Predators and prey are in a constant evolutionary battle, predators also develop their own survival strategies.
I wait at the station for a train to the city. In my arms is a stack of cardboard signs.
I look up. I know the Southern Cross is up there somewhere – locked and loaded. I hold the boards over my head and tell myself I’m safe in this little shadow. It’s not after me – not now, not yet. The tracks smoulder as a train comes squealing. I stumble into a carriage and tap my card nice and slow - for two cops in blue second-skins. One has a sniffer dog.
“Sit down, sit. Good girl,” says the first policeman, massaging the dog's ears. He snaps his fingers and redirects her focus.
The other cop, sitting beside them, sees my protest gear and sneers.
“They’re too far gone. Those “activist” types...“
He looks me up and down, “I’d just put ‘em out of their misery.”
The train surges. I open a text from mum: You ready?
I type and backspace. Women in white dresses and creaky straw hats wave Australian flags made of cellophane.
There’s no denying Australia holds power. Predator power. Imperial and colonial conquest are predatory processes. Indigenous people have been and continue to be preyed upon. Our numbers are not what they were.
But in fleshing this analogy, I’m hyper-aware of the risk of reinforcing fascist notions of racial inferiority. Aboriginal people are far from “weak”. This is exactly the sentiment I hope to condemn.
In a life-or-death situation, we’re taught to prioritise escape. But Indigenous oppression isn’t an acute threat or short-term emergency. Discrimination is chronic. To survive and to prosper, we have no choice but to stand our ground and fight. Because if 200+ years of surviving has taught us anything, it’s that passivity and respectability politics don’t keep us safe – they preserve the system. We have to march, we have to strike. To bite the hand that feeds.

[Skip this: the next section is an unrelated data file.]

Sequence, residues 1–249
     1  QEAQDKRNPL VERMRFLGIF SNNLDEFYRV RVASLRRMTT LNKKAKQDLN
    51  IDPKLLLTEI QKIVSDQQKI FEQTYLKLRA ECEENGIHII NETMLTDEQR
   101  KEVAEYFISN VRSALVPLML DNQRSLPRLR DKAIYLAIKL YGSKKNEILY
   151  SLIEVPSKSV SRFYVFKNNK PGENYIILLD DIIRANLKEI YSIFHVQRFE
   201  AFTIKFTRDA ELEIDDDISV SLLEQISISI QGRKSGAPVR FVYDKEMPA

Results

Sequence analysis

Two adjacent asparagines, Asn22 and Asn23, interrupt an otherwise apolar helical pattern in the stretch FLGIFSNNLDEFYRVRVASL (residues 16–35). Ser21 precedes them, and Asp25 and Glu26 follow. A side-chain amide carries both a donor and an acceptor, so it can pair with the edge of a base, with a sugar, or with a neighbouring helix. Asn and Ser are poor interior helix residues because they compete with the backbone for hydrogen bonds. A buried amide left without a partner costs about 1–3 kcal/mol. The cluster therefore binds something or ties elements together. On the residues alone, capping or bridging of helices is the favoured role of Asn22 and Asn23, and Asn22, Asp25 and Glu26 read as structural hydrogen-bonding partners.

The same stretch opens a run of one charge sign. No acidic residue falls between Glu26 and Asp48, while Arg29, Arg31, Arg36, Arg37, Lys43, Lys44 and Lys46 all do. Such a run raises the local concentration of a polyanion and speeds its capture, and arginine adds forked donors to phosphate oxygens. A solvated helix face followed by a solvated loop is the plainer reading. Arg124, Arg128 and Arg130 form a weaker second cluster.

Because predators and prey are in a constant evolutionary battle, predators also develop their own survival strategies. Though Indigenous movements are more strategic than ever, so too are colonial governments. And there’s plenty more to maintaining supremacy than just physical force.
Aggressive mimicry is the strategic use of deception to attract and trap prey. This often involves the mirage of food, water, shelter, or other basic necessities. For instance, the alligator snapping turtle has evolved a long pink appendage on its tongue that fish mistake for worms.
Australia manipulates and deceives us, exploits our dreams of stability and equality; promising a pay rise, promising progress; luring us back into the same life-bleaching work.
The narrative our school curriculum often pushes is that Indigenous people voluntarily integrated into society because we envied the luxuries of modernity. The so-called First Fleet arrived on January 26, 1788. The township’s unsustainable hunting habits rapidly depleted the local Indigenous population’s food supply. So it wasn’t long before they were forced to rely on the “charity” of settlers.
Once I was helping a teacher mark assignments after school. She confessed that before she met me, she’d thought all Aboriginal people were unteachable and unemployable. But you, you’re a diamond in the rough. Don’t you worry, I’ll make sure you succeed. As we finished up, she had a glow about her, a new lease on life.
Growing up, to survive in a prejudicial job market, my Mum worked the extra mile. I remember one night she came home with square eyes and went straight to bed. I crept into her room and sat on the edge of her mattress. And reached out and pinched her sunglasses. When I put them on, light yellowed, shadows reddened.
“How was your day?” I asked her.
Worse than yesterday.
“Why don’t you quit?”
“Can we get ice cream?”
I grabbed her by the ankles and tried to pull her off the bed.
She said no. I paraphrased, took her sunnies off and snapped them.
“You suck, all you do is work and sleep.”
At this, she sat up straight.
I pay the bills, I keep us alive!
In February of 2020, I started studying law at university. A month later the novel Coronavirus was declared a pandemic. And within a week, Mum and I were working and studying side-by-side, laptop-by-laptop.
The law cohort loved to debate. Debate, they insisted, should be steeped in “sound science”. But that “sound science” was Social Darwinism – right-wing slogans. In primary school I was taught more about federation than the White Australia Policy. So to fight back, I had to relearn centuries of history.
At 12pm we marched to Parliament. Magpies swooped officers on motorcycles, pecked at their black helmets. In the heat of the crowd, police melted.
Our strength compounded. As we pounded on the doors. Kids sat on skateboards with ice creams.